Child’s Play

Melissa and Doug ToysI have a few policies for my little ones that include “no screens (tv, phone, computer etc.), no batteries (electronic toys etc.), no sugar, and no junk food” just to name a few. I know, what a crazy and mean mom. Really it’s not that bad let me explain.

Without “screens” the child is forced to learn to use their imagination, and they are much more active. When they are active they are practicing motor skills, gaining muscle and learning. I know they can learn from educational shows and games. Yes, maybe but that is only one dimensional. Children learn to play, they learn to entertain themselves rather than be entertained; a skill that will be advantageous for the rest of their life. Yes, this makes parenting more work but parenting was never meant to be a passive activity; if it was baby’s would be born mobile and capable of feeding themselves in one way or another. Parenting doesn’t stop there.

Even the “educational” electronic toys can only do so much beyond driving mom crazy with the never ending noise. Ever tried to sneak out of a sleeping child’s room and step on or kick something that begins to sing the ABC’s? Pretty sure I can sing the ABC’s just as good as the toy and can gain more of a bond with the child when doing so. Also these toys may sing about counting and colors but unless you are there showing what these words mean, they will mean nothing still.

Did you know that parents that are more attentive with their children when the are young will have a closer relationship and more trust with the child as they grow? This will go both ways.

Of course the screens and batteries rule comes with some leniency. My husband enjoys winding down at the end of the day watching his sports team of the news, the little Mister isn’t getting sent to his room because the tv is on. But we don’t turn it on during the day.  I usually do my computer work during nap time but it sometimes happens during playtime too. I don’t want him growing up in a hole, not knowing how to use such devices, but he doesn’t need to grow up too fast either. They are children, not little adults. (This goes for a dress code too)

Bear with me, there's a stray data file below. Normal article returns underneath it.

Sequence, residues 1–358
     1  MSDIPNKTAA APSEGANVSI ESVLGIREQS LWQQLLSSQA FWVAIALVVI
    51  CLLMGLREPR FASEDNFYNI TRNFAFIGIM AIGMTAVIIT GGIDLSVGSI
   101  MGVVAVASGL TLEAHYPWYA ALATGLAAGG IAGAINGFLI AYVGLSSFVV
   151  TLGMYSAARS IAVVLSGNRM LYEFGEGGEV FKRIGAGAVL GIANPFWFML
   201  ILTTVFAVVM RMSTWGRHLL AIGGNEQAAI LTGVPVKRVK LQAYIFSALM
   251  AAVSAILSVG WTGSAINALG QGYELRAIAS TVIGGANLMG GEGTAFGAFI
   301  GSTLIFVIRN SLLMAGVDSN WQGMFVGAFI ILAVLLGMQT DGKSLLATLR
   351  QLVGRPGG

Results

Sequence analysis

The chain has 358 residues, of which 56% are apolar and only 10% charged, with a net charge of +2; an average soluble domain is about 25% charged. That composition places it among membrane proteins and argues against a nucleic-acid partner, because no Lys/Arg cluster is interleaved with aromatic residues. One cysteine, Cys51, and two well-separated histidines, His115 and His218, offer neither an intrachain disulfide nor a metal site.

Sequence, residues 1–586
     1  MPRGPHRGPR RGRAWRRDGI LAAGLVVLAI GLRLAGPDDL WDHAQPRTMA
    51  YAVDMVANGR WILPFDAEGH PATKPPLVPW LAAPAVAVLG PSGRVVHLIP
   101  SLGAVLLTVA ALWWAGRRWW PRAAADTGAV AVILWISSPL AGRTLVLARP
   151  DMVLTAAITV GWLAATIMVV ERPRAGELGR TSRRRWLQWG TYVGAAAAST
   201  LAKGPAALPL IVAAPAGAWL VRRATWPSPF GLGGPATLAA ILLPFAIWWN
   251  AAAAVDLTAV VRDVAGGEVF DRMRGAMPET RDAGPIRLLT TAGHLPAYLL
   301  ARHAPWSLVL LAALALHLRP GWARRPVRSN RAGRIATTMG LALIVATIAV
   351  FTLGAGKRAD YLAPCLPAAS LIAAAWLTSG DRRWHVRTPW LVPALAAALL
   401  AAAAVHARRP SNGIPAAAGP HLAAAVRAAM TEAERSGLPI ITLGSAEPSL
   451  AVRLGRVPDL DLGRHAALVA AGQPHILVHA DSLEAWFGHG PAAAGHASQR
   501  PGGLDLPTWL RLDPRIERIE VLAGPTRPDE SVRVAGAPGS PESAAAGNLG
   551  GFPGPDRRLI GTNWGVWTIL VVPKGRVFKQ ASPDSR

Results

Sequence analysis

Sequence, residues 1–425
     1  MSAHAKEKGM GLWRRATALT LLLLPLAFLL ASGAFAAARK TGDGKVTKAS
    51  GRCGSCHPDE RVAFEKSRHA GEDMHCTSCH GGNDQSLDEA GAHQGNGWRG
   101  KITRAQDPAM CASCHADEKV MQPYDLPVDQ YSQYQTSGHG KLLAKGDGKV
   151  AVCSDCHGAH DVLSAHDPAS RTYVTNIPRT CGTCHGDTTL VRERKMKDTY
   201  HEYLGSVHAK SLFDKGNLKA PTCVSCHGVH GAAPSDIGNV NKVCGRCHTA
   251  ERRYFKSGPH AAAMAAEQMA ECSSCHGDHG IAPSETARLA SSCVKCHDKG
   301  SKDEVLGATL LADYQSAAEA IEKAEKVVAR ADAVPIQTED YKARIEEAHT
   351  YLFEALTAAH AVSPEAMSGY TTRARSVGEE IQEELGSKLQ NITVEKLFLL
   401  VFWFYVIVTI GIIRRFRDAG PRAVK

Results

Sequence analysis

As far as battery operated toys, we don’t buy them. Everyone knows the rule and should we receive one it is added to the mix of toys. So far they haven’t been a popular choice when set out with the option of a non battery toy.

I believe toys should be fun yet educational, whether it’s learning to shapes, colors, sorting, counting, building, or imagining. All of which require the child to be moving, thinking and building motor skills. Once they get a little older this can evolve into problem solving and critical thinking skills.

Example; When my brother was little, he wanted to trap the neighborhood bear. (We were into hunting, lots of fun stories about him!) How was he going to trap this bear? Well, he used one of dad’s hand saws, cut down a few young trees, cut them into pieces and nailed them together in a box shape. Set the box up like you see on the cartoons with the bait underneath and a stick holding up one end. Thinking the bear would come for the bait and knock the stick, getting stuck in  the box (which I’m pretty sure was not big enough for the bear). You see, he was active, devising a plan, carrying it out etc. (It wasn’t until years later we found out the “bear poop” in the trap was horse shit Uncle Greg brought over. He really had my brother and I going that he was getting the bear in but the trap needed work.)

Then there is the less is more concept. You hear how children have short attention spans, well, I buy it and I don’t. If you place a child in a room filled with all sorts of toys spread about, they will get “bored” quickly. Place the same child in a room with half the toys, each organized by type or category, this child will play much longer before getting “bored”. Typically boredom is due to over stimulation rather than nothing to do. The child gets overwhelmed with the possibilities of play and can’t focus. Another cause can be the child has gotten so used to being entertained that when they are not, they don’t know how to entertain themselves.

I wish I had a picture of the little Mister when he first saw his “toy box” at six months. We have a basket in the living room for toys. It’s small, but so is our space. Usually when he is on the floor playing I would set out one or two things that he could crawl to and play with (or chew on). Just out of curiosity one day I stood him up by his toy basket to see if he would pick out the toy he wanted to play with. His eyes got huge! Then he proceeded to pull every toy out and dropped it onto the floor. Once they were all out, he had no interest in playing with any of them.

Ok so I’ve talked all about the toys we like and you went to your local big box store and maybe, just maybe found one toy that looks even half way interesting. Now your thinking where in the world are these so called toys. Well I discovered Melissa and Doug. These are our favorites! You can find a very select few here and there but they have a ton on their website I should get some sort of endorsement something, but I don’t. I do really recommend these though.

There you have my first “soapbox sermon” on toys. Brace yourself there could be more in the future.

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